CRUSADE

THE UNTOLD STORY OF THE PERSIAN GULF WAR

Exhaustive, albeit consistently absorbing, record of the 42- day Gulf War that offers fresh, often startling, perspectives on the planning and conduct of what the author characterizes as ``a brilliant slaughter.'' Focusing almost entirely on military operations, Pulitzer- winning Washington Post correspondent Atkinson (The Long Gray Line, 1989) provides a chronological account of how the US-led coalition liberated Kuwait. In the course of doing so, he discloses that Stormin' Norman Schwarzkopf could be an imperious martinet given to volcanic rages that not only cowed subordinates but also disturbed superiors (including Defense Secretary Richard Cheyney), who considered relieving him. The author also includes new details on, among other matters, how Washington persuaded Israel to eschew retaliation for Scud strikes; the aerial assault on Baghdad's Al Firdes bunker (which killed over 200 civilians and led to restrictions on strategic bombing); the hit-or-miss efforts of allied navies to clear mines from important waterways; disputes between intelligence agencies as to damage assessments; secret routes flown by US missiles on their way to enemy targets; the command decision to halt a rout short of annihilation; and the post-ceasefire action that decimated a fleeing Republican Guard division. Atkinson's episodic narrative also affords a coherent log of the successful air/sea/land campaign to oust Saddam from Kuwait. He recounts the contributions of the hang-loose French and British contingents, and unobtrusively puts crucial Gulf engagements in clearer context with allusions to feats of arms from the distant and recent past. Nor does Atkinson fail to point out that the professionalism displayed in achieving a deliberately limited triumph at a modest cost in casualties all but erased the stigma left by US involvement in Vietnam. Military history of a very high order. (Photos and maps—not seen) (First printing of 75,000; first serial to The Washington Post; Main Selection of the History Book Club)

Pub Date: Oct. 14, 1993

ISBN: 0-395-60290-4

Page Count: 560

Publisher: Houghton Mifflin

Review Posted Online: June 24, 2010

Kirkus Reviews Issue: Aug. 15, 1993

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The author's youthfulness helps to assure the inevitable comparison with the Anne Frank diary although over and above the...

NIGHT

Elie Wiesel spent his early years in a small Transylvanian town as one of four children. 

He was the only one of the family to survive what Francois Maurois, in his introduction, calls the "human holocaust" of the persecution of the Jews, which began with the restrictions, the singularization of the yellow star, the enclosure within the ghetto, and went on to the mass deportations to the ovens of Auschwitz and Buchenwald. There are unforgettable and horrifying scenes here in this spare and sombre memoir of this experience of the hanging of a child, of his first farewell with his father who leaves him an inheritance of a knife and a spoon, and of his last goodbye at Buchenwald his father's corpse is already cold let alone the long months of survival under unconscionable conditions.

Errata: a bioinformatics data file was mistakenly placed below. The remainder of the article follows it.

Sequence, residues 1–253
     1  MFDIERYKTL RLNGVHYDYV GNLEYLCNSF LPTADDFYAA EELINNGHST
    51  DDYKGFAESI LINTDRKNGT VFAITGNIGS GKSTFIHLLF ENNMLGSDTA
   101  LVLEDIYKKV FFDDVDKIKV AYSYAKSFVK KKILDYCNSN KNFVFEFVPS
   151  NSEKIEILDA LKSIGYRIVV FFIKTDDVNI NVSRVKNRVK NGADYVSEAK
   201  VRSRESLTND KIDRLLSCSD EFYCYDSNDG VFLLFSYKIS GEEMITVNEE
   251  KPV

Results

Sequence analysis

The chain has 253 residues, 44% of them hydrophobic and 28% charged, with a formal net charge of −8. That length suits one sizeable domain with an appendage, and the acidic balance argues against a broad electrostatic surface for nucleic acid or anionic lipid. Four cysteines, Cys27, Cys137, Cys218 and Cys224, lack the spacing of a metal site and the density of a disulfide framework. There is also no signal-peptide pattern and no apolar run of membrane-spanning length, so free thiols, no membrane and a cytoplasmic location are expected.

The author's youthfulness helps to assure the inevitable comparison with the Anne Frank diary although over and above the sphere of suffering shared, and in this case extended to the death march itself, there is no spiritual or emotional legacy here to offset any reader reluctance.

Pub Date: Jan. 16, 2006

ISBN: 0374500010

Page Count: 120

Publisher: Hill & Wang

Review Posted Online: Oct. 7, 2011

Kirkus Reviews Issue: Jan. 15, 2006

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A PEOPLE'S HISTORY OF THE UNITED STATES

For Howard Zinn, long-time civil rights and anti-war activist, history and ideology have a lot in common. Since he thinks that everything is in someone's interest, the historian—Zinn posits—has to figure out whose interests he or she is defining/defending/reconstructing (hence one of his previous books, The Politics of History). Zinn has no doubts about where he stands in this "people's history": "it is a history disrespectful of governments and respectful of people's movements of resistance." So what we get here, instead of the usual survey of wars, presidents, and institutions, is a survey of the usual rebellions, strikes, and protest movements. Zinn starts out by depicting the arrival of Columbus in North America from the standpoint of the Indians (which amounts to their standpoint as constructed from the observations of the Europeans); and, after easily establishing the cultural disharmony that ensued, he goes on to the importation of slaves into the colonies. Add the laborers and indentured servants that followed, plus women and later immigrants, and you have Zinn's amorphous constituency. To hear Zinn tell it, all anyone did in America at any time was to oppress or be oppressed; and so he obscures as much as his hated mainstream historical foes do—only in Zinn's case there is that absurd presumption that virtually everything that came to pass was the work of ruling-class planning: this amounts to one great indictment for conspiracy. Despite surface similarities, this is not a social history, since we get no sense of the fabric of life. Instead of negating the one-sided histories he detests, Zinn has merely reversed the image; the distortion remains.

Pub Date: Jan. 1, 1979

ISBN: 0061965588

Page Count: 772

Publisher: Harper & Row

Review Posted Online: May 26, 2012

Kirkus Reviews Issue: Jan. 1, 1979

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